Review - Poetry: John Cooper Clarke, Vicar Street
In a recent documentary on Mancunian performance poet John Cooper Clarke, the actor and comedian Steve Coogan reflects: "If I'm talking to someone and go, 'Do you know John Cooper Clarke?' and they say, 'Oh yeah, he's a genius', I'm then, 'Good, you've saved me a lot of time'."
Unsurprisingly, the remarkably coiffured John Cooper Clarke is often mistaken for Rolling Stone Ronnie Wood. Add a pair of shades and tight drainpipe jeans that are truly remarkable for a man of 65 to pull off (or on) and you've got a one-off look for a unique man.
Clarke can be savagely funny, but also tender and romantic in the space of the few seconds it takes to deliver a couple of his lines. His repertoire is part poems, part rants and part surreal stream of consciousness.
Clarke's 'poems' can be extremely short and succinct like 'I Want to Be Yours,' which also closes the most recent Arctic Monkeys album, or long rambling epics such as 'Beasley Street'.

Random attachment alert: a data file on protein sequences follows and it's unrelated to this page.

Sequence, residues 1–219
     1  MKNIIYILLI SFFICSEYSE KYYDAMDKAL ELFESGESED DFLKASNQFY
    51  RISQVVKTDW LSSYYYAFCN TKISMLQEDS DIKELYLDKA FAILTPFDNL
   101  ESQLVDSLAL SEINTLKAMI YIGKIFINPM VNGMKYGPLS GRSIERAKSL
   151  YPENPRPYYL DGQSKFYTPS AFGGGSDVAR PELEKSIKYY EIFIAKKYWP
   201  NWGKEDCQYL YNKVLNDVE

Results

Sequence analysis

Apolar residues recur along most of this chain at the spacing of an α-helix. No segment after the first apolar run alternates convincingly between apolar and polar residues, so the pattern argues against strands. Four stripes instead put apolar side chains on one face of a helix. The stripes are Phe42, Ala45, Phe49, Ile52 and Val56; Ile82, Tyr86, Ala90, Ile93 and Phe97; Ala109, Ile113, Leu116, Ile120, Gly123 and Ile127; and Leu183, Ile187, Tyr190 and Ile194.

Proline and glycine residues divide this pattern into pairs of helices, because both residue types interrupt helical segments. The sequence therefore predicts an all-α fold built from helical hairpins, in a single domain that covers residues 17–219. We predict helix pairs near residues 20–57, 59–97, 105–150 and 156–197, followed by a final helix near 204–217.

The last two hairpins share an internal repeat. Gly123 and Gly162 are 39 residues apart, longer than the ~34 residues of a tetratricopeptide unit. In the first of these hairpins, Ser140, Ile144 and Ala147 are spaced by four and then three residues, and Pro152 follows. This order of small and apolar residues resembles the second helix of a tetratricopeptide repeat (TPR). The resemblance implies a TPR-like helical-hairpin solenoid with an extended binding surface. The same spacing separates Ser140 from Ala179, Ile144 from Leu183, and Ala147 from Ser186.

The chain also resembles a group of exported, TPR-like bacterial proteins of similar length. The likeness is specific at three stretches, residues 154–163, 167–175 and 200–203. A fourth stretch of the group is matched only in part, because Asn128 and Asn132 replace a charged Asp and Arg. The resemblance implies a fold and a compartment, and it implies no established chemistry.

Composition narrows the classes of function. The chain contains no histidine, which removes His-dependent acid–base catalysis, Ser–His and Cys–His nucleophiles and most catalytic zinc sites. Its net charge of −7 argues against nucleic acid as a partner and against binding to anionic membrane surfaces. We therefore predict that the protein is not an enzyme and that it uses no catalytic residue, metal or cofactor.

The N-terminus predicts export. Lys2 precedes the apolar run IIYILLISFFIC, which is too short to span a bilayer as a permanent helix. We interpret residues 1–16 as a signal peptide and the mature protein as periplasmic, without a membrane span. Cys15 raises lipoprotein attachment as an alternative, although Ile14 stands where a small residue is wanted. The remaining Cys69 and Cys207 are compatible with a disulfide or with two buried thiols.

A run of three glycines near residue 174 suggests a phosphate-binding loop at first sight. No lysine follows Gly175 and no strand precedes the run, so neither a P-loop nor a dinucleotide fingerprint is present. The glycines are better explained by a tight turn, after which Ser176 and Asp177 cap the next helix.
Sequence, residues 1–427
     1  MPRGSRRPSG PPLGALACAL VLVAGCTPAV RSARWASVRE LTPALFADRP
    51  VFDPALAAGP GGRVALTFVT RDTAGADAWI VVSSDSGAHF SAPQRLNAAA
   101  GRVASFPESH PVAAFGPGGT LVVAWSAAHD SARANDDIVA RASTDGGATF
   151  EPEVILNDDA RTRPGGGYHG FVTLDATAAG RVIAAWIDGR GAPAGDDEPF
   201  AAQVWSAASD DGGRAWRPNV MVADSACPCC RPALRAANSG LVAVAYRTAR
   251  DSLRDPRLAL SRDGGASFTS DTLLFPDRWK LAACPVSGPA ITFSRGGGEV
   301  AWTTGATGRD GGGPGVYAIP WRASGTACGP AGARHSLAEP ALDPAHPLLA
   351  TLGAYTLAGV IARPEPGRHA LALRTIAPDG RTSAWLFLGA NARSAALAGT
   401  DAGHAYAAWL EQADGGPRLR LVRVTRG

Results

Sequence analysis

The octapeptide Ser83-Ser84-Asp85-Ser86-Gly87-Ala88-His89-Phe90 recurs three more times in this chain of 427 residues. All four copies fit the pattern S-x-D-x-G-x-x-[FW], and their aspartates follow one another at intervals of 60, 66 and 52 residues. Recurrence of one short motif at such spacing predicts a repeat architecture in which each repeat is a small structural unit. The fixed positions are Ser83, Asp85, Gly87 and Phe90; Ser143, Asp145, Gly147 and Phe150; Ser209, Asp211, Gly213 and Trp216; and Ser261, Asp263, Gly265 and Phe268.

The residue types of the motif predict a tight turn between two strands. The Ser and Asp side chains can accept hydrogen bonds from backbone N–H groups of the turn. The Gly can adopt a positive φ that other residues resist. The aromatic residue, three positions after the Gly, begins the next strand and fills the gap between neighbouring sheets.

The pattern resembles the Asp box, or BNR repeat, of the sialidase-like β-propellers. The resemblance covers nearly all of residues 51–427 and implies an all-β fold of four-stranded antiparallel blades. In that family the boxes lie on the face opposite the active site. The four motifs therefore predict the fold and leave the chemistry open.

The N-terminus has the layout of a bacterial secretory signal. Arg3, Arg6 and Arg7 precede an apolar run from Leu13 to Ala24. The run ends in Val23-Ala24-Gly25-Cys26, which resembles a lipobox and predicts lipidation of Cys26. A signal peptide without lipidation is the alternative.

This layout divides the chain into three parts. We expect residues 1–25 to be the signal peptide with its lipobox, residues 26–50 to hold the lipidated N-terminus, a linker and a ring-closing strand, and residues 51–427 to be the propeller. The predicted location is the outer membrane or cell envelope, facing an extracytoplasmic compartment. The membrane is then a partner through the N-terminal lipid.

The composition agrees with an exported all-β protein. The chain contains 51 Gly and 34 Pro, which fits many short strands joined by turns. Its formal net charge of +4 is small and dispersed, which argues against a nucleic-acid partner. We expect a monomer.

The poet also has a few knockout lines that he casually delivers while jabbering on between his poems. At one point he muses: "If Jesus was a Jew, why did he have a Spanish name?"
Once memorably described as an encyclopedia of modern culture but with added jokes, Clarke whizzes through the evening with a selection of fine new poems entitled 'Psychedelicate,' 'The Paperboy's Wife' and 'She's Got a Metal Plate in Her Head', a title that tells you a lot of Clarke's punk rock origins as the stick insect poet used to deliver his work to unsuspecting audiences at gigs by The Buzzcocks and The Fall.
There appears to be reams of new material, which comes as a relief as a few years ago Clarke gave the impression of endlessly rehashing the work that made him semi-famous.
Clarke consults his "2,000 carat Argos watch" and mourns the passing of time. The evening has quite literally flown by, but he still finds time to shoehorn two of his greatest hits into the set, namely the aforementioned 'I Wanna Be Yours' and the motormouth epic 'Evidently Chickentown' which closed the finale of The Sopranos.
Clarke milks this bit of trivia, plus the fact that Alex Turner has made him a pop star. Rapper Plan B has also doffed his cap to Clarke of late.
It is very intriguing that Clarke's contemporary Mancunian maverick Frank Sidebottom is now the subject of a movie loosely based on his life starring Michael Fassbender.
Slowly but surely, John Cooper Clarke is also rising out of the shadows of the underground and infiltrating the mainstream.